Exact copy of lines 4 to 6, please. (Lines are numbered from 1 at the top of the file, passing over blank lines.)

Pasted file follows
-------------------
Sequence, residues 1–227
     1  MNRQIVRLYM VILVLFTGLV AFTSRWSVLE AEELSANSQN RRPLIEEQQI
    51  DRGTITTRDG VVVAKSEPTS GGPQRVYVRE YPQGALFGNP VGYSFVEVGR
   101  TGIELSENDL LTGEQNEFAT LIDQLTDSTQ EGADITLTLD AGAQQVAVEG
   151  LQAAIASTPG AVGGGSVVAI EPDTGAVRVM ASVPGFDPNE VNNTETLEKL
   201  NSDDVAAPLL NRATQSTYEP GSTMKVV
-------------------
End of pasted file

   101  TGIELSENDL LTGEQNEFAT LIDQLTDSTQ EGADITLTLD AGAQQVAVEG
   151  LQAAIASTPG AVGGGSVVAI EPDTGAVRVM ASVPGFDPNE VNNTETLEKL
   201  NSDDVAAPLL NRATQSTYEP GSTMKVV